As far as I know, in the majority of countries in the world, especially in Europe, undergraduate education, even at the top universities, is almost always significantly less expensive than at prestigous US universities.
For example, for the 2018-2019 academic year, the standard cost of tuition and fees at MIT was $51,520. Add in room and board and other fees, and the price tag reaches $70,240 annually. The average cost after aid was around $ 22,549.
At Cornell, the cost after aid was $30,498 and at NYU $37,362.
This is representative of most of the Ivy League schools as well as many liberal arts schools which are less well known internationally.
The average tuition cost at my school in France is a mere 2000 euros per year whilst other French schools have tuition ranging from 300 euros per year to 15,000 in one extreme case. In several European countries, tuition is either free or students are payed to study.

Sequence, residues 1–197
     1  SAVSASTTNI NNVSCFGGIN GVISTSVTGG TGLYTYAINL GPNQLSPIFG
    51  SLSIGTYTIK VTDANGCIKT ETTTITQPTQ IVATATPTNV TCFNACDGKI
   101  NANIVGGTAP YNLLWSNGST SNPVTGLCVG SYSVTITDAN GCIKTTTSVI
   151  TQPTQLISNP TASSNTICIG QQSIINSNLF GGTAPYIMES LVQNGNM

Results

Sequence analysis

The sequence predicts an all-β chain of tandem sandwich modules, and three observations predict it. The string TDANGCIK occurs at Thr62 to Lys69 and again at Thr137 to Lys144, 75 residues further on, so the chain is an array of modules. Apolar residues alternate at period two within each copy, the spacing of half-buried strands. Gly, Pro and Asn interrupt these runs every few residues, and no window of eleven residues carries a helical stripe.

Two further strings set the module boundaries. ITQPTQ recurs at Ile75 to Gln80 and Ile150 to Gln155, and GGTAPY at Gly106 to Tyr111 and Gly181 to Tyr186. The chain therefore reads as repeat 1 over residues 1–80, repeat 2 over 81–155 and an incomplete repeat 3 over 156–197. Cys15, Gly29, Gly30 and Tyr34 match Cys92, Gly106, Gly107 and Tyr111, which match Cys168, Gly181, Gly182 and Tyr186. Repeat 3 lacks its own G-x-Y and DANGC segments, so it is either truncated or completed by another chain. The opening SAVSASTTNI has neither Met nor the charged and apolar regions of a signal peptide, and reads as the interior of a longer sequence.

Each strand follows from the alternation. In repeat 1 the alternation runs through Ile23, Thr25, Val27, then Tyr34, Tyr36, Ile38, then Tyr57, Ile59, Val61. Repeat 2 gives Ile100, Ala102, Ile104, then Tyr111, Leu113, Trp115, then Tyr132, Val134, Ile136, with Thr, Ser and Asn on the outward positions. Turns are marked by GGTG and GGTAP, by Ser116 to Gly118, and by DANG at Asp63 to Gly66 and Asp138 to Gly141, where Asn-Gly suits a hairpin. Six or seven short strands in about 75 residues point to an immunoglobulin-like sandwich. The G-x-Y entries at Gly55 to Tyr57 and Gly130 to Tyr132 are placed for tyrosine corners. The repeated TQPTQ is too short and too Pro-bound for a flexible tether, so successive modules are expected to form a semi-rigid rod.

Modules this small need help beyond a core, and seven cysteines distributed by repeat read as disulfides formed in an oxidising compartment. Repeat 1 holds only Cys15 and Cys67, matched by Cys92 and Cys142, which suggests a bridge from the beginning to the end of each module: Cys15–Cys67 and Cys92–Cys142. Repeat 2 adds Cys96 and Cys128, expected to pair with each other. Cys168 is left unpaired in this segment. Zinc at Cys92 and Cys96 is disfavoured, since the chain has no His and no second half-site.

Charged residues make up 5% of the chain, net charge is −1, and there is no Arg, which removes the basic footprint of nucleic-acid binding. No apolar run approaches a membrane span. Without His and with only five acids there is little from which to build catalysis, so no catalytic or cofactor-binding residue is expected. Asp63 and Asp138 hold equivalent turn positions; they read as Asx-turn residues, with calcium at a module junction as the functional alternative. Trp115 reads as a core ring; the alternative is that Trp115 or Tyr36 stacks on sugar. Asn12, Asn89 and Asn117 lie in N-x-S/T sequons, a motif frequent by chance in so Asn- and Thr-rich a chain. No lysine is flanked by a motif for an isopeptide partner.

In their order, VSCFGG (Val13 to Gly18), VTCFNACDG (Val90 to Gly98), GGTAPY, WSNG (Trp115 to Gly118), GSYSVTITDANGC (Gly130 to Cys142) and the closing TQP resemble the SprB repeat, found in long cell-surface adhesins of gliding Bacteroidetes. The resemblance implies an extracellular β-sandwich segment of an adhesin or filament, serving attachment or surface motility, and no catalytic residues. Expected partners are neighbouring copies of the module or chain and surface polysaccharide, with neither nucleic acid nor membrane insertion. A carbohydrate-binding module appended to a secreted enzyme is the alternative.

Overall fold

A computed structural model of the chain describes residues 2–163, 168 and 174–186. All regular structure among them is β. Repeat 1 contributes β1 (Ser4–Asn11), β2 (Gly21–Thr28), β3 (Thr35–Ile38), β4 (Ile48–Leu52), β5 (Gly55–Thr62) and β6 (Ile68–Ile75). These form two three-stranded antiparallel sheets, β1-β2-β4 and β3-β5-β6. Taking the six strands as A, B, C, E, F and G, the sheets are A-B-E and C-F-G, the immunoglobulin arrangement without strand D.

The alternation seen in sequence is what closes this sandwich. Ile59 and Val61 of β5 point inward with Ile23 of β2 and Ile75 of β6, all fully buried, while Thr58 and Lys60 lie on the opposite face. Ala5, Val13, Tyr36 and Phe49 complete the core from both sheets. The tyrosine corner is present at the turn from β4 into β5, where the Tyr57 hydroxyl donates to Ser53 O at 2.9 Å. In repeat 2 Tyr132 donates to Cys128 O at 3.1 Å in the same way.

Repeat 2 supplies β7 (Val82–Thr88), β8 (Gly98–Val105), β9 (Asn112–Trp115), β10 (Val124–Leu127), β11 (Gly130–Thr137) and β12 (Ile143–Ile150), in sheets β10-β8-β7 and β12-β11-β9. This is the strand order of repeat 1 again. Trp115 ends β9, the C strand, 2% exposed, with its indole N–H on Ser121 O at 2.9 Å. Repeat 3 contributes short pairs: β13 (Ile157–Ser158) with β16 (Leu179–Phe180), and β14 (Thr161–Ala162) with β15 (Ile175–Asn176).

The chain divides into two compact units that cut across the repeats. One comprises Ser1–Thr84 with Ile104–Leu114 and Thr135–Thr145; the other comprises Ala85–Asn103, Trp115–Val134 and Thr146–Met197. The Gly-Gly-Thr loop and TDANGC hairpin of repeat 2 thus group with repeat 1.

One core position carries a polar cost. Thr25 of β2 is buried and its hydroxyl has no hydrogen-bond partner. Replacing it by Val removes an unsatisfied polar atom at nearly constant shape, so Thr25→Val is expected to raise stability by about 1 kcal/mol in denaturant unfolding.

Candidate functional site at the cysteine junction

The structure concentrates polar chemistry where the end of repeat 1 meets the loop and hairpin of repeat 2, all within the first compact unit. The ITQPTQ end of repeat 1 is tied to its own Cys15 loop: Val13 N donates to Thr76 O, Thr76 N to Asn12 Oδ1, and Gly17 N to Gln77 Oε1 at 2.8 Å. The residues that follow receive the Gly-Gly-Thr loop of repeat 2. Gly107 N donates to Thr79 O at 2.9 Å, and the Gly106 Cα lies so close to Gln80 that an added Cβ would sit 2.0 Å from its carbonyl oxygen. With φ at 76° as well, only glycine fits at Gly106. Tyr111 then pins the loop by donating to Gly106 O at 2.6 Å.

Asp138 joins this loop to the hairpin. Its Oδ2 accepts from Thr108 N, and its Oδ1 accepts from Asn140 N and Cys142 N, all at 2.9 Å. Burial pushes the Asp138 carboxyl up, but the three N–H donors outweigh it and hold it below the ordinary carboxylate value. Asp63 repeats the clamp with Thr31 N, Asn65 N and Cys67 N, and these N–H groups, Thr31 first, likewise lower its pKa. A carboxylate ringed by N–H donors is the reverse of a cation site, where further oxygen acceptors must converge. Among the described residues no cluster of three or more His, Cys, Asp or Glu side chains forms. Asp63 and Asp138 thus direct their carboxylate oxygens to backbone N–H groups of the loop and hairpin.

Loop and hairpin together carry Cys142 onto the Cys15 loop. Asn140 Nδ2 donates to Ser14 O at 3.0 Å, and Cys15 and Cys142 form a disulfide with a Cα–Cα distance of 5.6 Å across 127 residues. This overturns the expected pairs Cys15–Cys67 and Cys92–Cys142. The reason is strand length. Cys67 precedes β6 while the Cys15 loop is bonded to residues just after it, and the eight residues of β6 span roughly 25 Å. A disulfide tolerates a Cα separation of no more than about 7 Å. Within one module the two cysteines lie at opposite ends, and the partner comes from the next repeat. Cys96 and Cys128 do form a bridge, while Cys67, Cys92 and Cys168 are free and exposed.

The student debt crisis in the US is a recent phenomenon, but how recent? I suspect that that students at Ivy League schools in the 1930's weren't paying anything close to their present counterparts, adjusting for inflation.
So when exactly did top tier American schools start raising tuition and board fees to the astronomical levels we see now?
I will leave out the question if whether this is sustainable or what the consequences will be, as this is speculative and opinion-based.